While replacing your grass costs money and takes time and labor to do, it’s a great way to get your lawn back in top shape. If you want to go this route, speak with the experts at your local garden center. They’ll be able to tell you what kind of grass is the most resistant to dog pee and a type that’s appropriate for your environment. This method is the easiest and cheapest for small lawns.

  • Reduces brown spots
  • Less maintenance
  • Costly
  • Time-consuming
  • Not practical for large yards

6. Use Natural Paramagnetic Rocks in Your Dog’s Water

Dog Rocks Lawn Burn Patch Preventative
Image By: Chewy
Appropriate For Any size lawn
Effectiveness Good
Difficulty level Easy

Many homeowners are turning to natural rocks to prevent dog urine spots from killing their grass. You can find these unique paramagnetic rocks at online pet stores.

These lawn-saving rocks are 100% natural and sourced from the ground in Australia. They work to eliminate the harmful toxins in dog urine that damage grass. You simply drop a few rocks in your dog’s water and watch as your grass starts looking better with time.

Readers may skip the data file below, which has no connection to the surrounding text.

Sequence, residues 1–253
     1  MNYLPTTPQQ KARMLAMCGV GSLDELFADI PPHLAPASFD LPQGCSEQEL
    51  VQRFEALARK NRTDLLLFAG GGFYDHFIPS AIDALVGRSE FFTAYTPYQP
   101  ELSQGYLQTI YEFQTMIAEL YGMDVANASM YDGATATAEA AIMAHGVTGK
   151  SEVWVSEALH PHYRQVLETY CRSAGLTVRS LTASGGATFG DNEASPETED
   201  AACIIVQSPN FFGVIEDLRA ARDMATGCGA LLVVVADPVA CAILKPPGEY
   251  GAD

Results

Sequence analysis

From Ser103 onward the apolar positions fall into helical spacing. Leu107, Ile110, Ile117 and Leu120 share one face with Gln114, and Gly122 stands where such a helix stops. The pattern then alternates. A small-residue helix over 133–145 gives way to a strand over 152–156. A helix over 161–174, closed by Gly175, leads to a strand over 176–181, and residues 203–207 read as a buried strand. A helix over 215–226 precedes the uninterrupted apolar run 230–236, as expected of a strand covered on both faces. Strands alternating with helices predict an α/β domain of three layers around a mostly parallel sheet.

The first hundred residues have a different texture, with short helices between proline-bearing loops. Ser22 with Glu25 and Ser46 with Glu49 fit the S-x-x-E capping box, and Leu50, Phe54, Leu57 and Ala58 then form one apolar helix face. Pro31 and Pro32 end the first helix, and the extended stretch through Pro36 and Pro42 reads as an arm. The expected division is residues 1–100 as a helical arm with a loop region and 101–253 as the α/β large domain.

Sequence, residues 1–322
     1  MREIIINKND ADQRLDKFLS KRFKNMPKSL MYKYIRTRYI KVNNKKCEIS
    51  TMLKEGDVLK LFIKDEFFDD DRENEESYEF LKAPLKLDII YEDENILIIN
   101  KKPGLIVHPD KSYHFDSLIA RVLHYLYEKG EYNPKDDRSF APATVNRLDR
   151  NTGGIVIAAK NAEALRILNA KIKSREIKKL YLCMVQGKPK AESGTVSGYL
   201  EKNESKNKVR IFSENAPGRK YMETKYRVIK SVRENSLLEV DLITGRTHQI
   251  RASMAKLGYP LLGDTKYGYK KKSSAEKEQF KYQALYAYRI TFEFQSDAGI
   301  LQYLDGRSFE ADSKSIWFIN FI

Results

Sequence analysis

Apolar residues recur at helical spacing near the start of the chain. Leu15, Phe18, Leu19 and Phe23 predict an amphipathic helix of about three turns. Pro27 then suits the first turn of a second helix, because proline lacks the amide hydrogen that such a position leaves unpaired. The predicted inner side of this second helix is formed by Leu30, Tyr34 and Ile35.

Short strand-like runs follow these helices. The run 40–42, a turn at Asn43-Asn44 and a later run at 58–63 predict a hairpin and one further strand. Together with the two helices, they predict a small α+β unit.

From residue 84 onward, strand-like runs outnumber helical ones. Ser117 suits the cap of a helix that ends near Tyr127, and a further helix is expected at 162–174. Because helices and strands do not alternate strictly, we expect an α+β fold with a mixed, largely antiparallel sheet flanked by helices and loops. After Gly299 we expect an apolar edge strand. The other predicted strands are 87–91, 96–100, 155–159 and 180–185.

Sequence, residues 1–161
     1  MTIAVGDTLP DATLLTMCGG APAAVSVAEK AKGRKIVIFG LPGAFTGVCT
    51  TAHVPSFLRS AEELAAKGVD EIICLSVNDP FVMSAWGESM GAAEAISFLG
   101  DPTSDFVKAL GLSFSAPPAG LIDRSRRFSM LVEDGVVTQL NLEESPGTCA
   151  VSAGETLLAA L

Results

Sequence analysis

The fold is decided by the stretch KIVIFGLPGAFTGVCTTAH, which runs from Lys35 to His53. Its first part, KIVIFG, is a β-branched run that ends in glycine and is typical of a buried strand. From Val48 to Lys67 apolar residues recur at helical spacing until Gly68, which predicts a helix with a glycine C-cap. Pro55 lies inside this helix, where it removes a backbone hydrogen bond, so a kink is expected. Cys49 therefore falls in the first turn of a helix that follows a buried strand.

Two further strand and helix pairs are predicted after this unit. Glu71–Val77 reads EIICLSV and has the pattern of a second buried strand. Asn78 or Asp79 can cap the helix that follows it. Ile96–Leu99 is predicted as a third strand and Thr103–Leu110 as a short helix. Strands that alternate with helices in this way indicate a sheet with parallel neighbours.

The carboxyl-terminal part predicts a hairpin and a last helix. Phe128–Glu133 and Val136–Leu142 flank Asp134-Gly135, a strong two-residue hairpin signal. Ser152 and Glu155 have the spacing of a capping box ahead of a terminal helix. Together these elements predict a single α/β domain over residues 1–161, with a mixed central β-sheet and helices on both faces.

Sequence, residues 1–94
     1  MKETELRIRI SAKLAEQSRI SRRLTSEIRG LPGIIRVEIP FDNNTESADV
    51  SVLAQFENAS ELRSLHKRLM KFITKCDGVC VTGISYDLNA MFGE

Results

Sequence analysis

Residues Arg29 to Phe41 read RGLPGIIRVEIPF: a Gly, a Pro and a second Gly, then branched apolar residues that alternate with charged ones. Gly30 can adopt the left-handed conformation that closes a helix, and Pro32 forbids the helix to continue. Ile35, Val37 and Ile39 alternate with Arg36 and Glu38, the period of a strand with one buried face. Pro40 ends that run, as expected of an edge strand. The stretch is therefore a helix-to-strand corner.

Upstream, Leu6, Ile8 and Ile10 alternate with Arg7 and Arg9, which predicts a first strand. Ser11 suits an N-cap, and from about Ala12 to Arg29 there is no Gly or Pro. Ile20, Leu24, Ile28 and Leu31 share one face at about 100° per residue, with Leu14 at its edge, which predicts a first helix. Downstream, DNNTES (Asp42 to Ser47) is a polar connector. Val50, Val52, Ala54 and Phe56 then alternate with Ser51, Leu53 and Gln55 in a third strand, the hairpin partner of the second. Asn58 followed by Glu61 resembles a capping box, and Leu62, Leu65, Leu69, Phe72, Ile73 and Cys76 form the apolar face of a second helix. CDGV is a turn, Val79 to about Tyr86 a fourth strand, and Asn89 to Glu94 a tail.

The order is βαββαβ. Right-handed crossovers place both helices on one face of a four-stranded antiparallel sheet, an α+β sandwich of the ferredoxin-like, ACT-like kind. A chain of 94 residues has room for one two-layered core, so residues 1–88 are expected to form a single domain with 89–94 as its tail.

It typically takes several weeks of use before you start seeing noticeable improvements in your yard so be patient if you choose this method!

  • 100% natural
  • Easy to do
  • Gradually cuts down on brown spots
  • Takes time to see noticeable results
  • Can get pricey with long-term use


Keeping Your Grass Nice and Green

Once you find the right solution for preventing dog urine from killing your grass, you’ll want to keep that lawn looking pristine. Take your dog out for walks more often so he’s peeing less on your lawn. It’s also a good idea to use a sprinkler regularly on your grass to keep it well-hydrated and healthy.

While dog poop isn’t as harmful to your lawn as dog urine, you should still pick it up. When piles of dog poop are left to sit on a lawn, they can kill the grass underneath. So arm yourself with lots of poop bags or a proper pooper scooper and keep your yard neat and tidy!



You can own a dog and keep a nice lawn that’s free of brown urine spots if you are willing to do some work. Be patient with your dog, your lawn, and with yourself as you work to get rid of those ugly brown spots in your grass. Pick the right method above that’s suitable for your yard and get to work restoring that luscious green lawn!

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Featured Image Credit: Flower_Garden, Shutterstock